Systematic genetic code reprogramming / Centre for chemical and synthetic biology
Our lab has pioneered the development and application of methods for reprogramming the genetic code of living organisms. These approaches allow the site specific incorporation of designer unnatural amino acids, beyond the canonical 20, into proteins in diverse cells and organisms.
A fundamental challenge in reprogramming the genetic code of cells is to direct the incorporation of unnatural amino acids into proteins. We have shown that it is possible to create an orthogonal translation pathway in the cell in which a new ribosome, the orthogonal ribosome, is directed to a new message. Since the orthogonal ribosome, unlike the natural ribosome, is not essential it is possible to evolve the orthogonal ribosome to read new genetic codes on the orthogonal message. We have created a ribosome that efficiently reads quadruplet codons and amber codons, that are inefficiently read on the natural ribosome. By directing tRNAs aminoacylated with unnatural amino acids to the orthogonal ribosome we have created a parallel genetic code in the cell. This parallel translation pathway provides a series of blank codons that may be assigned to new amino acids.
We have pioneered the use of pyrrolysyl -tRNA synthetase/tRNA pairs for genetic code expansion. Since we demonstrated that this pair could be evolved for unnatural amino acid incorporation this system has been widely adopted. We continue to investigate and expand the scope of this system for unnatural amino acid incorporation.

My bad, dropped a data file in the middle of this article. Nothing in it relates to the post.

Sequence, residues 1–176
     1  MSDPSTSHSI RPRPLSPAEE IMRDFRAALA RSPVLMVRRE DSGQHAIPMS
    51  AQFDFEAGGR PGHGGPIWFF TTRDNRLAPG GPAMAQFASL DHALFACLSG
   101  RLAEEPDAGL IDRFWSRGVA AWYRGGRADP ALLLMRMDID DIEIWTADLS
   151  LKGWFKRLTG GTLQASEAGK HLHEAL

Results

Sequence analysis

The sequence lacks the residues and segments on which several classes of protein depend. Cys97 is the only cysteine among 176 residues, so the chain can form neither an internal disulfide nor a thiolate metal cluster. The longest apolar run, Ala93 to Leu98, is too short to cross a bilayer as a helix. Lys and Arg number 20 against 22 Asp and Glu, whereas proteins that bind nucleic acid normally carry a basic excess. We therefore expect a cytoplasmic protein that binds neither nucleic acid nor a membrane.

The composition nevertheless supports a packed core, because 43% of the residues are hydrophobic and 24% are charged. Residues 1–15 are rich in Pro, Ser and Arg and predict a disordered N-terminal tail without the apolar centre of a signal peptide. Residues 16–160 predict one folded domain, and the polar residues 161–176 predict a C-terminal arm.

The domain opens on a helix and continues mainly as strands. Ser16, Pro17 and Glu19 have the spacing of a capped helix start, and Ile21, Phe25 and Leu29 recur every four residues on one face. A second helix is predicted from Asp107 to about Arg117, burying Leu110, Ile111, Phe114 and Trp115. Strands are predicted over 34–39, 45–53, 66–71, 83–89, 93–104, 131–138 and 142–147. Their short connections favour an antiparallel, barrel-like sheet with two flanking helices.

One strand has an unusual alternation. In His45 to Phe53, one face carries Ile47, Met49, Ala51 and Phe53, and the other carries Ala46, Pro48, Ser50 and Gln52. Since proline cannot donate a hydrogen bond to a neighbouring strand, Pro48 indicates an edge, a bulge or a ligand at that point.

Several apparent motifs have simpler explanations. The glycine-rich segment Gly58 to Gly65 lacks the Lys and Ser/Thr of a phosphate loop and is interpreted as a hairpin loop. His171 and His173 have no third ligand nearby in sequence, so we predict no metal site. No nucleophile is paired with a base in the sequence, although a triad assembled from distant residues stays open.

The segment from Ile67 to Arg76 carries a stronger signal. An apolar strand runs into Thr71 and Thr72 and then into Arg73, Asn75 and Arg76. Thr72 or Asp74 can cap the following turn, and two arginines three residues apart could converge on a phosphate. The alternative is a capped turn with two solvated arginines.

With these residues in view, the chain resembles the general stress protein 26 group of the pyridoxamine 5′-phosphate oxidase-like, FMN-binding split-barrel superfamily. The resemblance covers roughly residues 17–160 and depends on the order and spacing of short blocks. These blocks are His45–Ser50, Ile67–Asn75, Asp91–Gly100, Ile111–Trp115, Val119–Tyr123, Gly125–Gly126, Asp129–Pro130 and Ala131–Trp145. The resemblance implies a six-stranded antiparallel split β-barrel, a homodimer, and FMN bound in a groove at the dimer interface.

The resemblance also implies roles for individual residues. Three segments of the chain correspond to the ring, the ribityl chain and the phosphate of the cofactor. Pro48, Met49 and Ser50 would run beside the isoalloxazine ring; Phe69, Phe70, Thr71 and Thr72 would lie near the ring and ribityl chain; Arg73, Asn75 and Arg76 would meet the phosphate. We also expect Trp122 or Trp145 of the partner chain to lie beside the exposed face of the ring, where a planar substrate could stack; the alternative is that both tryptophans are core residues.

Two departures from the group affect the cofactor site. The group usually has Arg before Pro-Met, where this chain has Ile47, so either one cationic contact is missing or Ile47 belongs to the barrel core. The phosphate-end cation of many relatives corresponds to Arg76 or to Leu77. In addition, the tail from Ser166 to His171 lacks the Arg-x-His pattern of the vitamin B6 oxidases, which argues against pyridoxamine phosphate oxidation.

We have developed approaches to make proteins bearing post-translational modifications that were previously inaccessible. By investigating the modified recombinant proteins we have created – using structural biology, enzymology and single molecule approaches – we have provided new insight into the role of post-translational modifications, including lysine acetylation, methylation and ubiqutination, in regulating protein structure and biological function.
We have developed approaches that allow us to rapidly control enzymatic activity and protein transport in cells with a millisecond pulse of light. In one series of experiments we demonstrated that we can photo-control protein kinase activity in vivo. Using this approach we have begun to provide insight into the kinetics of elementary steps in signal transduction and feedback regulation. In previous work we have also developed methods for defining protein interfaces involved in protein interactions by genetically encoded photocrosslinkers.
We are developing approaches that allow any site in a protein of interest to be rapidly, specifically and efficiently labelled with a probe of interest in vivo. We have recently described approaches for site specifically labelling proteins in and on cells with a range of small molecule fluorophores for live cell imaging.
While initial efforts at genetic code expansion focused on E. coli we have shown that it is possible to incorporate a range of unnatural amino acids in yeast and mammalian cells. We have recently been able to expand the genetic code of two established multicellular model organisms, C. elegans and D. melanogaster. By applying the approaches we have created in cells for controlling and imaging protein function in whole animals we hope to provide new insight into processes, including embryonic development, tissue morphogenesis, tumor biology and neuronal plasticity, that can only be studied at the organism level.